Gold Award in Cruise Story: Flying Dutchman

By Catherine Watson

I’m startled, now that I am writing this, at seeing the many links to the sea in my life. And to exile.

When I was eight, my heart’s desire was to run away to sea and be a cabin boy on a clipper ship. There was a lot wrong with this plan – gender and history, for starters – but I was too little to know. I spent that summer trying to memorize the names of every sail – a daunting task, given that a clipper with all sails set might be carrying enough canvas to smother half a football field.

Okay, you didn’t ask, but here they are in order, from the bottom of the main mast to the uttermost top: Mainsail, main lower topsail, main upper topsail, main lower topgallant, main upper topgallant, main royal. The topgallants were my favorites.

There are more masts, each with its own canvas hierarchy, but I gave up before I got to the names of the lines that worked them. The lines were even more daunting than the sails: Square-riggers might carry upwards of eight miles of rope.

The inspiration for my seagoing fantasy came, without doubt, from my father’s wooden model of The Flying Cloud. She was the fastestclipper ship ever, and her record around the Horn – 89 days from New York to San Francisco – was set in 1854 and not broken by another sailing ship until 1989. It didn’t hurt to know that she’d had a woman navigator.

My father made the model when he was 13 and won a prize for it. He had carved the sleek black hull out of pine; fashioned the sails out of thin cotton and varnished them for stiffness; crafted the tiny blocks and tackles out of bits of balsa and rigged them with black thread, tying the knots with a needle, the way a jeweler might string pearls.

When my parents died, and we children gathered to divide up their possessions, the Flying Cloud was the first thing I asked for. It had been one of the two truly sacred possessions in our family. The other was my mother’s china figurine of a lady in a long blue dress and a powdered wig, holding a yellow fan. We were never allowed to play with either of them, and even now – when both have come to me and their owners have been dead for nearly 30 years – I still hold my breath when I have to dust them.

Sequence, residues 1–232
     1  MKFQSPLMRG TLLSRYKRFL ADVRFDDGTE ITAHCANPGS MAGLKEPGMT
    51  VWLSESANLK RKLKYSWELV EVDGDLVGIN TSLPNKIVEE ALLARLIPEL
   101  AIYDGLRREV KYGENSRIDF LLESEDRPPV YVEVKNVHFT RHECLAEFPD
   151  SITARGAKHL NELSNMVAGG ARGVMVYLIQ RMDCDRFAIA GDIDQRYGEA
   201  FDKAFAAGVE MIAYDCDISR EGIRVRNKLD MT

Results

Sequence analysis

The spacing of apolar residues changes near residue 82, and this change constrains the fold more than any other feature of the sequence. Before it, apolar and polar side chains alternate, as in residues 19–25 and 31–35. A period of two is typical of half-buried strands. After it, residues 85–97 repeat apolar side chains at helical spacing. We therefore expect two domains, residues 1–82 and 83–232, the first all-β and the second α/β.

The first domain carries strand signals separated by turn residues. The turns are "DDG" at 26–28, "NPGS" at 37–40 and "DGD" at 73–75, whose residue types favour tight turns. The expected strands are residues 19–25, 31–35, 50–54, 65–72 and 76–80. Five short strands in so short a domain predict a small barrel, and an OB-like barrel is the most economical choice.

It was dusting, after all, that wrecked the Flying Cloud – some relative’s misguided attempt to get the dirt off her rigging by taking a vacuum cleaner to it. The accident happened somewhere in my childhood, when the model was already half a century old. Too fragile to take the strain, the thin black threads of her rigging snapped. They have hung down, ever since, like broken spiderwebs. I used to imagine re-rigging them someday, but the spars are dry and tooth-pick brittle; they could never sustain the tension.

Derelict now, the ship sits on one of my living-room shelves as if in miniature dry-dock, more Flying Dutchman than Flying Cloud. It belongs there – a private symbol for what became my own Flying Dutchman life. I’ve never sailed on a real square-rigger, but I know something the Dutchman never learned. My journeys taught it to me: You do not need an anchor to be happy.


Catherine Watson?s travel dreams took flight in grade school, when she and her best friend discovered Edgar Rice Burroughs? Tarzan books. Long family road trips and two student exchange programs ? American Field Service to Germany in high school, and the Minnesota SPAN Project to Lebanon in college ? only made that passion stronger. Trained as a journalist, Catherine became the first travel editor at the Minneapolis Star Tribune (www.startribune.com) and continued as its chief travel writer and photographer from 1978 to 2004. Her work has taken her to 115 countries and won numerous awards, including the top two in her field: The Lowell Thomas Travel Journalist of the Year and the Society of American Travel Writers Photographer of the Year. She has been published in more than a dozen anthologies and is the author of two collections of travel essays, ?Road Less Traveled?? (Syren Books, 2005) and ?Home on the Road?? (Syren, 2007), both of which were Minnesota Book Awards finalists. Catherine teaches workshops in travel writing and memoir in the U.S. and abroad, and divides her home time between Minneapolis and the historic village of Galena, Illinois.

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